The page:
I first started working with the Lindau Lab (the powerhouse behind WomanLab) in my senior year as a college student at the University of Chicago, and early on I came to learn that they were a cool group of women. One meeting in particular stood out early in my internship: Gillian and Chenab, patient educators in our group, needed to practice their presentation on sexual self-care for patients. There we were: a scientific research group eating lunch around the table while the patient educators went over the anatomy of female genitalia, different types of lubricant, how to (not) wash your vagina, and so on. I thought to myself, “Wow, I have landed in a group of really cool women.” Women who openly talk about vulvas, vaginas and sexual health and know the importance of open conversations in moving the field of female sexuality forward. As a medical student, I have come to recognize the difficulty in – but even more so the significance of – starting a dialogue about sexuality with others.
Last year I left the ladies of WomanLab to start medical school at USC’s Keck School of Medicine. One of my favorite parts of my medical training so far is that, every Tuesday, we go to the hospital and practice taking a thorough medical history with patients (real people)! Now, when I say thorough, I mean thorough. We cover current medical problems, as well as past medical history, family history, and social history. The social history focuses on the familial, recreational, and even environmental aspects of a patient’s life – factors that can impact one’s health. Sometimes these conversations can take a couple hours depending on how chatty the patient and I get!
You might think that some of these topics, like social history, have nothing to do with health, but they do – you never know where you might find something that sheds some light on a medical problem. That said, it’s easy as a student to feel awkward or as if I’m intruding on someone’s personal life, even when I know it’s important for their health. I’ve mostly overcome that feeling now, but it was most prominent when we began learning how to take a sexual history. And this is coming from someone who has experience speaking frankly and openly about sexual function over lunch and as a researcher with WomanLab!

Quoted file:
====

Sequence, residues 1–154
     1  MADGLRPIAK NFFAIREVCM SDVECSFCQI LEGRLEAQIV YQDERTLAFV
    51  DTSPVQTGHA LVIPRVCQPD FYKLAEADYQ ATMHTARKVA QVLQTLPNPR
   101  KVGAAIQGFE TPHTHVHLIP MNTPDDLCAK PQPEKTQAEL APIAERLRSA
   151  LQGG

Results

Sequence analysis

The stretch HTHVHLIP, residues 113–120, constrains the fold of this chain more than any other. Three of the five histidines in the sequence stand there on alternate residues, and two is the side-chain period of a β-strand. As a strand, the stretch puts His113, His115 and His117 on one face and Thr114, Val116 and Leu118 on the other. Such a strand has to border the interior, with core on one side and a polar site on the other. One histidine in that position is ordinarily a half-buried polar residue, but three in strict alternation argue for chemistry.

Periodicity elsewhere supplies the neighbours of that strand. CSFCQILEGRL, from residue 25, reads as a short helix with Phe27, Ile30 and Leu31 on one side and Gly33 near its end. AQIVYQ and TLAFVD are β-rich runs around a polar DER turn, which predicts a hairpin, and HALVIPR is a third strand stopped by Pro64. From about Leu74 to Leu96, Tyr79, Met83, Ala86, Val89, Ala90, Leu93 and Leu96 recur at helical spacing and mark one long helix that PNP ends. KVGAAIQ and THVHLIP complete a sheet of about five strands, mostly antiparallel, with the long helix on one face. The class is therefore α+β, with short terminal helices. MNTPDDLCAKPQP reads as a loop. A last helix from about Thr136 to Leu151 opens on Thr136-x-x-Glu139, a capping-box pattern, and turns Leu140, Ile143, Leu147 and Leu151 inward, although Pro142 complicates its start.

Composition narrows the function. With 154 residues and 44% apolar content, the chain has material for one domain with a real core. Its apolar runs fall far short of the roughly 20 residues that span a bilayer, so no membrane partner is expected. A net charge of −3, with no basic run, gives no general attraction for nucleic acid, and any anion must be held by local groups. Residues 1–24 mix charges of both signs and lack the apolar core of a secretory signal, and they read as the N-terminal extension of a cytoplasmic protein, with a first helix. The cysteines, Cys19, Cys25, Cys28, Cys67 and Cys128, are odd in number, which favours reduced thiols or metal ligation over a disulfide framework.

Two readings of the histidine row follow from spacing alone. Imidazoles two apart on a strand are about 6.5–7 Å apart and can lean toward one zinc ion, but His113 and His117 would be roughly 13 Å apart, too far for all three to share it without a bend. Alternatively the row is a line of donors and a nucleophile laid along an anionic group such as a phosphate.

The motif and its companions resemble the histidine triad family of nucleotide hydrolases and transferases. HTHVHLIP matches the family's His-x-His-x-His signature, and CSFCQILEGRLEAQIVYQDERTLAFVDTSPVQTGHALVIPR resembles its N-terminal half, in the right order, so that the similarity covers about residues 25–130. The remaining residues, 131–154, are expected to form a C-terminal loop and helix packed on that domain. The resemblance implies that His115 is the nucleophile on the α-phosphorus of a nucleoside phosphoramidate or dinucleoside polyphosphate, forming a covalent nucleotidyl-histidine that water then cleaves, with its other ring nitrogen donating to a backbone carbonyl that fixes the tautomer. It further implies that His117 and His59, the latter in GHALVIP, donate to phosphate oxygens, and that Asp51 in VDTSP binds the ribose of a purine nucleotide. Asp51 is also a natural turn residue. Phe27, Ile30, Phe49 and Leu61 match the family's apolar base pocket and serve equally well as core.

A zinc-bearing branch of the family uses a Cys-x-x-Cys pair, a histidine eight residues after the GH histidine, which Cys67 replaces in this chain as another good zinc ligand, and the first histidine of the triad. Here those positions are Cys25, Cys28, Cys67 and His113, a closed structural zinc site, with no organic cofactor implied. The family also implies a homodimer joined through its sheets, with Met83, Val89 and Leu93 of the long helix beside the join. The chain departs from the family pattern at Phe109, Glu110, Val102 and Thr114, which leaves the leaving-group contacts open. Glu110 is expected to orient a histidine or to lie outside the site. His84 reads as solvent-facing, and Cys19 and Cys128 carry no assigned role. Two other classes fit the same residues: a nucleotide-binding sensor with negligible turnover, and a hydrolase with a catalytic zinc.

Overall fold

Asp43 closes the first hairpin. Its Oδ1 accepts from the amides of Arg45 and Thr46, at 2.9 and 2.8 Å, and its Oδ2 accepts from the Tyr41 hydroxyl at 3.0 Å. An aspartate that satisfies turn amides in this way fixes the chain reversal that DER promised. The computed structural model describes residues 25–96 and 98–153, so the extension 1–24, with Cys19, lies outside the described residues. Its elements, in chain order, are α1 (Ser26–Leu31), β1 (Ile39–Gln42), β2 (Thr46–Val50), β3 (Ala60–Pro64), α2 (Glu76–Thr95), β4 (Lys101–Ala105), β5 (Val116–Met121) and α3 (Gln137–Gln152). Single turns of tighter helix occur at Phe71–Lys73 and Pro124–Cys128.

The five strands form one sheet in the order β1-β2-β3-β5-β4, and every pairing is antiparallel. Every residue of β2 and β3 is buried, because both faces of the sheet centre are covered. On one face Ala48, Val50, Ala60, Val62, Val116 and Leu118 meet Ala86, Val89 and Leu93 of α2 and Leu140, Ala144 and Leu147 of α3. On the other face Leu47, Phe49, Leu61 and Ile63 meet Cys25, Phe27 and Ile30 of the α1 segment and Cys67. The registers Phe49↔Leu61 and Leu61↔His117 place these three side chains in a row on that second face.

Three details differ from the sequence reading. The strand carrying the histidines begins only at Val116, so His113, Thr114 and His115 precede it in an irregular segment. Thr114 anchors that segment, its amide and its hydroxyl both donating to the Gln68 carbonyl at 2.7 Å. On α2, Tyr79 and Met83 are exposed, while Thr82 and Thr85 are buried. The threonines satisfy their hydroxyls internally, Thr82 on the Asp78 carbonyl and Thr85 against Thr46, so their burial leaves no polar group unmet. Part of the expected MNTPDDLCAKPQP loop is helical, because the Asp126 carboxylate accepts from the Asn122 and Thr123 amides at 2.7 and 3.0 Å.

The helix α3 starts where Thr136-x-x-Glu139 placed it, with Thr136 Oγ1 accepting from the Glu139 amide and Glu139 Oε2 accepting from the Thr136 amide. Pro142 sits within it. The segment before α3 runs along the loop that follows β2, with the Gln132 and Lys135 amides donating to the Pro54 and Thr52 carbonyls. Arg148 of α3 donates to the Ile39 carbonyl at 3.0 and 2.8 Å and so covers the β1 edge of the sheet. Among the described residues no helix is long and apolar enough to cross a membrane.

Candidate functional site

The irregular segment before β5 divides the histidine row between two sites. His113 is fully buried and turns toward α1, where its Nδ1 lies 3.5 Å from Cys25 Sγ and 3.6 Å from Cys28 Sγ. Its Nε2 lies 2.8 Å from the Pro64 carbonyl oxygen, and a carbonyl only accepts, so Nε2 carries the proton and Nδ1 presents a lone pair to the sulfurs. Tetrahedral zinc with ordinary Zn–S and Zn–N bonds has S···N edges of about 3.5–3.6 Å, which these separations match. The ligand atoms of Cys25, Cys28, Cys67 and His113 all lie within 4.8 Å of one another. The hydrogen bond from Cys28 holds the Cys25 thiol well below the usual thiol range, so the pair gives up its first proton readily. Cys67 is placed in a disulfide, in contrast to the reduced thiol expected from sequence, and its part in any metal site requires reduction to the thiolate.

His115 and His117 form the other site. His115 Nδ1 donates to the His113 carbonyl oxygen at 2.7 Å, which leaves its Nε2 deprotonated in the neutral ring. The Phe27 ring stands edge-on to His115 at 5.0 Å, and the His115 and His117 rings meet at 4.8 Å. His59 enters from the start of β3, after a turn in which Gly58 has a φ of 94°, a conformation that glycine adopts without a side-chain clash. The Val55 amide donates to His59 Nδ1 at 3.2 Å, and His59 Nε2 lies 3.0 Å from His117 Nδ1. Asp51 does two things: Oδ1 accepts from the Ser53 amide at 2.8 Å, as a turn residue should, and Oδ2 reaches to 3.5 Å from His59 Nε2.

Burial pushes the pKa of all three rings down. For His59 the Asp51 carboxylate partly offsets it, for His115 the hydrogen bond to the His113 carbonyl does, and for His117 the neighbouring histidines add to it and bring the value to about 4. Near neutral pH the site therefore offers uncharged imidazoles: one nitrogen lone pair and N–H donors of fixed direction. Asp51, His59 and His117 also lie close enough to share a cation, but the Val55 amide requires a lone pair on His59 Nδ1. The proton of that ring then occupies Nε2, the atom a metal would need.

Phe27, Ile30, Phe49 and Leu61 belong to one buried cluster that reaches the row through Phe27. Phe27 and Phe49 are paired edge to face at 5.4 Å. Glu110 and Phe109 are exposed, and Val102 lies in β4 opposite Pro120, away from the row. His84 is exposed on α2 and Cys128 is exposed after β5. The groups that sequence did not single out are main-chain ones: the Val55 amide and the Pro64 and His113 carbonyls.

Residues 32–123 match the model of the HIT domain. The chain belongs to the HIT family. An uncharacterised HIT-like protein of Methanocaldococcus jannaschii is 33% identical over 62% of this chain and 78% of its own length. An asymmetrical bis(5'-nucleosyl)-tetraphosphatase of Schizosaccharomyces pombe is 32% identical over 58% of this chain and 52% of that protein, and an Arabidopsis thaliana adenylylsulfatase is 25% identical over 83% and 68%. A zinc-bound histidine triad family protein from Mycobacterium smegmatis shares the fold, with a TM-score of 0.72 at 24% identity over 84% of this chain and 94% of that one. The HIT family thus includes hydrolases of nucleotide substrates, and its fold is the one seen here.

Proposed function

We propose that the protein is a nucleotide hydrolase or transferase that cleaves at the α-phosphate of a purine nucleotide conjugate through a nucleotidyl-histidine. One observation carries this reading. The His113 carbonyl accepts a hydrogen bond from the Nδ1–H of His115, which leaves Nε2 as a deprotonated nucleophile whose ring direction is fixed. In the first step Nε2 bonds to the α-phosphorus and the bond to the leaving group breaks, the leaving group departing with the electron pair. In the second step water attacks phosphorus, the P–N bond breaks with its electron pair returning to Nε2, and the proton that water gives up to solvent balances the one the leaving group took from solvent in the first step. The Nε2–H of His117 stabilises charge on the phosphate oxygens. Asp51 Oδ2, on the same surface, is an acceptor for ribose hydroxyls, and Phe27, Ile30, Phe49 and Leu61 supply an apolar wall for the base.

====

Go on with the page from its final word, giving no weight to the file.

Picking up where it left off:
As you might imagine, it’s a little nerve-racking to ask a stranger if they’re sexually active, whether they have sex with men, women or both, and how many partners they have. It can become even more nerve-racking when that stranger is sick, in pain, or tired, as many patients are. I know my classmates felt just as, if not much more, uneasy about broaching the subject.
During my third clinical session, I was lucky to get a friendly and open patient. He and I went through many parts of his history and when I felt the time was right, I asked the question, “Are you currently sexually active?”
I didn’t expect too much of an answer. He would tell me yes, I would ask him if his wife is his only partner, I would follow up with questions about condom use or sexually transmitted infection testing, he’d answer those questions, and that would be the end of that conversation.
“No,” he answered. I nodded, showing that I understood, and waited for him to continue. He told me about how he and his wife have not been sexually active for two years now because he has been unable to sustain an erection. He told me how they have been trying to explore intimacy in other ways and how he doesn’t actually want to take medication for it. We talked for 10 minutes about this, and at the end of it, he thanked me, saying that no one had ever thoroughly talked to him about his sexual dysfunction.
It’s been several months now, and I no longer feel nervous about these questions. I understand that sex is just another aspect of a patient’s life I need to know for a more holistic understanding of health. In an effort to normalize the subject, I passed this story on to my clinical group, some of whom had also expressed some nerves about discussing sexual history with patients.
I hope that you, dear reader, will continue the conversation and speak up, whether that’s with your partner, your friends, your doctor, or your patient. Or, with us! Email us at firstname.lastname@example.org or join us on Twitter and Facebook.
Edited by Chenab Navalkha